Syria: Deaths After Turkish Border Blast

Syria: Deaths After Turkish Border Blast

A car has exploded at a border crossing between Turkey and Syria, killing at least 12 people and wounding dozens more.

The mayor of Reyhanli, the nearest town to the border checkpoint, told CNN Turk that four of those killed were Turkish and that the car which exploded had Syrian licence plates.

Witnesses said they saw it drive up to the border post, one of the main crossing points for Syrian refugees into Turkey, shortly before the explosion.

Deputy Prime Minister Bulent Arinc said the government was investigating all possible causes for the blast, including a suicide attack, but it was wrong to jump to hasty conclusions.

"The information that we have for now is that a minibus with Syrian number plates coming from the other side exploded. It was a powerful explosion," Arinc, who is also the government spokesman, told reporters after a regular cabinet meeting.

"But whether this was a vehicle laden with explosives or another type of explosion, I think, at the latest, will become clear tomorrow," he said.

Turkey's interior, justice and customs ministers are due to fly to the area to be briefed on the exposion.

Arinc said the death toll from the blast had risen to 12, including three Turks and nine Syrians. At least 28 people were wounded, 13 of them seriously.

Television footage and photographs showed severe damage to a series of cars at the border, where a gate was blown open and part of the roof collapsed.

Prime Minister Tayyip Erdogan interrupted a cabinet meeting to be briefed on the explosion, Turkish media reported.

Turkey is a staunch supporter of the almost two-year-old uprising against Syrian President Bashar al-Assad and has harboured both Syrian refugees and rebels.

Five Turkish civilians were killed in October 2012 when a mortar shell hit a house in the Turkish border town of Akcakale.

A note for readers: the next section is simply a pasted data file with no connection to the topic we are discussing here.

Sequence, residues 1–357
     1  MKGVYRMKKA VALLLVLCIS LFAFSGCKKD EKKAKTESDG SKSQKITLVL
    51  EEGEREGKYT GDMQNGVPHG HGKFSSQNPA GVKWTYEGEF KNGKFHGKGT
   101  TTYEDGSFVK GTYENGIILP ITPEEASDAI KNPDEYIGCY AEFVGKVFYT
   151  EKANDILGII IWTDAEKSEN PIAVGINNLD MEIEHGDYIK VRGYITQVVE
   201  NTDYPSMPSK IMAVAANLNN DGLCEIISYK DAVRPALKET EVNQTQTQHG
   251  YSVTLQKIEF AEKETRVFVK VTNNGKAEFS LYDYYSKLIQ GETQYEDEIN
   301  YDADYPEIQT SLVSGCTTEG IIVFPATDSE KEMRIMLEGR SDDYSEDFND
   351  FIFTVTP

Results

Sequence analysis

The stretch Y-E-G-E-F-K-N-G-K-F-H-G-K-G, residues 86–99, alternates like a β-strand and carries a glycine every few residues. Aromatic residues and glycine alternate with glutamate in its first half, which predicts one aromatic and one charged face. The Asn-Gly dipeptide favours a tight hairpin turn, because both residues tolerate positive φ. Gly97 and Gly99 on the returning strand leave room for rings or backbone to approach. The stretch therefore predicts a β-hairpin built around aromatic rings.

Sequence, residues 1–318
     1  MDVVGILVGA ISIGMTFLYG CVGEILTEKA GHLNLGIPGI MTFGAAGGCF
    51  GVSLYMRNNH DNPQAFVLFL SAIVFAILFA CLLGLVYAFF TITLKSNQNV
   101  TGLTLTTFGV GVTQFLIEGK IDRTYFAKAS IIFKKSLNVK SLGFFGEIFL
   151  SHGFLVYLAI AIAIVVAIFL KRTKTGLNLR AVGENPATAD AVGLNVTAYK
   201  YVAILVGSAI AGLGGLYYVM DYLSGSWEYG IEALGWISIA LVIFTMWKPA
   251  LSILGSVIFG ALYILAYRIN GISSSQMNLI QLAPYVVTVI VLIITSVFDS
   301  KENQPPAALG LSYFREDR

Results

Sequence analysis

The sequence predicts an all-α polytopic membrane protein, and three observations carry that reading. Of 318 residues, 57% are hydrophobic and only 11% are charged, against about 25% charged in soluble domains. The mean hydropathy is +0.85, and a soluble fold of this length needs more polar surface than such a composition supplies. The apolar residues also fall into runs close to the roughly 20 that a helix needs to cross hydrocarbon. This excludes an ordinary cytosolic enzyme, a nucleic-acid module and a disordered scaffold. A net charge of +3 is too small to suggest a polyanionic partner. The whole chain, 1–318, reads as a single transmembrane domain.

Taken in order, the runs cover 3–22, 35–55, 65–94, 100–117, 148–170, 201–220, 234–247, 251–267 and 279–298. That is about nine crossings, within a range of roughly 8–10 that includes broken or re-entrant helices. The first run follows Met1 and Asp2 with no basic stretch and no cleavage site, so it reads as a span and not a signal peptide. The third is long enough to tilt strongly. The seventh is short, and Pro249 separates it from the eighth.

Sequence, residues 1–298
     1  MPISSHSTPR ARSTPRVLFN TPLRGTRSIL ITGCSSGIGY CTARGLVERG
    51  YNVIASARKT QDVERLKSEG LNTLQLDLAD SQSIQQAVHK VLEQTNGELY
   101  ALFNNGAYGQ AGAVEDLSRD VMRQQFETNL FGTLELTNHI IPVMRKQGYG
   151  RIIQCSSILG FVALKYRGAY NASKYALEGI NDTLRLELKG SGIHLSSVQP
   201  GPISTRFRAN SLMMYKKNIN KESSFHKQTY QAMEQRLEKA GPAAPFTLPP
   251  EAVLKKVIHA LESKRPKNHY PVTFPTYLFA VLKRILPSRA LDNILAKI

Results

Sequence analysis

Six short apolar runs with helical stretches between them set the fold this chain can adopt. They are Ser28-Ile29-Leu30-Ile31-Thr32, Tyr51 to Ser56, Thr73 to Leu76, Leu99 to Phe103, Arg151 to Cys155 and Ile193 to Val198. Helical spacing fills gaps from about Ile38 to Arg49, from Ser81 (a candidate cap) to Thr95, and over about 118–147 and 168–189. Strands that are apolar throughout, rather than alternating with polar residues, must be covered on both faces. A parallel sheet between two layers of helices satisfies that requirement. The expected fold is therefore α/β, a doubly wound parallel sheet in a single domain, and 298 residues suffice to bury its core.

Turkey has also responded in kind to gunfire and mortar rounds hitting its territory along the 910km (565 mile) border and is hosting six NATO Patriot missile batteries meant to defend it against attacks from Syria.

Tensions have increased in recent weeks after NATO said it had detected launches of short-range ballistic missiles inside Syria, several of which have landed close to the Turkish border.

Turkey has scrambled warplanes along the frontier, fanning fears the war could spread and further destabilise the region.

Speaking from scene of the explosion, Syrian opposition campaigner Osama Semaan said he believed the explosion was an attack by Assad loyalists in response to an offer of talks from opposition Syrian National Coalition leader Moaz Alkhatib.

"It seems it is a deadly message from the Syrian regime after Sheikh Moaz offered it to talk in northern Syria," Mr Semaan said.

The Cilvegozu border gate, several kilometres outside the town of Reyhanli, sits opposite the Syrian gate of Bab al-Hawa, which the rebels captured last July.

Refugees cross back and forth and Turkish trucks also deliver goods into no-man's land between the two gates, where they are picked up by Syrians.


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